16.02.2017 | Friedrich-Schiller-Universität Jena

nachricht Canadian glaciers now major contributor to sea level change, UCI study shows
15.02.2017 | University of California - Irvine

All articles from Earth Sciences >>>

The most recent press releases about innovation >>>

Die letzten 5 Focus-News des innovations-reports im Überblick:

Im Focus: Breakthrough with a chain of gold atoms

In the field of nanoscience, an international team of physicists with participants from Konstanz has achieved a breakthrough in understanding heat transport

In the field of nanoscience, an international team of physicists with participants from Konstanz has achieved a breakthrough in understanding heat transport

Im Focus: DNA repair: a new letter in the cell alphabet

Results reveal how discoveries may be hidden in scientific “blind spots”

Cells need to repair damaged DNA in our genes to prevent the development of cancer and other diseases. Our cells therefore activate and send “repair-proteins”...

Im Focus: Dresdner scientists print tomorrow’s world

The Fraunhofer IWS Dresden and Technische Universität Dresden inaugurated their jointly operated Center for Additive Manufacturing Dresden (AMCD) with a festive ceremony on February 7, 2017. Scientists from various disciplines perform research on materials, additive manufacturing processes and innovative technologies, which build up components in a layer by layer process. This technology opens up new horizons for component design and combinations of functions. For example during fabrication, electrical conductors and sensors are already able to be additively manufactured into components. They provide information about stress conditions of a product during operation.

The 3D-printing technology, or additive manufacturing as it is often called, has long made the step out of scientific research laboratories into industrial...

Im Focus: Mimicking nature's cellular architectures via 3-D printing

Research offers new level of control over the structure of 3-D printed materials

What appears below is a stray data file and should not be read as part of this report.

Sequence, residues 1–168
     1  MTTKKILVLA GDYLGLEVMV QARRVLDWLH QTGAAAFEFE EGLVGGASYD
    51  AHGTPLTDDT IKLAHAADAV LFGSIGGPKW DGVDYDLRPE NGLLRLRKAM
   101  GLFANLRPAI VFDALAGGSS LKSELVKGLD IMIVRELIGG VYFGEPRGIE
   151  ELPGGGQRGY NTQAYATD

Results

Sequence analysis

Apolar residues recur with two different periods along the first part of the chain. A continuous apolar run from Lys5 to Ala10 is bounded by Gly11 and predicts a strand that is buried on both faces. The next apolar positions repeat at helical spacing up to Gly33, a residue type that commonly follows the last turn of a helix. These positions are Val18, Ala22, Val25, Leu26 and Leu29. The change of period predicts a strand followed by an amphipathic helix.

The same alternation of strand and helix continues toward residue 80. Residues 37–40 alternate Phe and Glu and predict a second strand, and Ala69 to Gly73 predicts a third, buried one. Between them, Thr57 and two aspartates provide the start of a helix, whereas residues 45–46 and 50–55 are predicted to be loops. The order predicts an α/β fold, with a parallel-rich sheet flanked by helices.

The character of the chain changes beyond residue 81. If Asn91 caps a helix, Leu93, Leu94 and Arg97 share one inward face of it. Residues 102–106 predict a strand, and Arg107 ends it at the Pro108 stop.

Nature does amazing things with limited design materials. Grass, for example, can support its own weight, resist strong wind loads, and recover after being...

Im Focus: Three Magnetic States for Each Hole

Nanometer-scale magnetic perforated grids could create new possibilities for computing. Together with international colleagues, scientists from the Helmholtz Zentrum Dresden-Rossendorf (HZDR) have shown how a cobalt grid can be reliably programmed at room temperature. In addition they discovered that for every hole ("antidot") three magnetic states can be configured. The results have been published in the journal "Scientific Reports".

Physicist Dr. Rantej Bali from the HZDR, together with scientists from Singapore and Australia, designed a special grid structure in a thin layer of cobalt in...

All Focus news of the innovation-report >>>

Anzeige

Anzeige

Event News

Booth and panel discussion – The Lindau Nobel Laureate Meetings at the AAAS 2017 Annual Meeting

13.02.2017 | Event News

Complex Loading versus Hidden Reserves

10.02.2017 | Event News

International Conference on Crystal Growth in Freiburg

09.02.2017 | Event News

 
Latest News

Biocompatible 3-D tracking system has potential to improve robot-assisted surgery

17.02.2017 | Medical Engineering

Real-time MRI analysis powered by supercomputers

17.02.2017 | Medical Engineering

Antibiotic effective against drug-resistant bacteria in pediatric skin infections

17.02.2017 | Health and Medicine

VideoLinks
B2B-VideoLinks
More VideoLinks >>>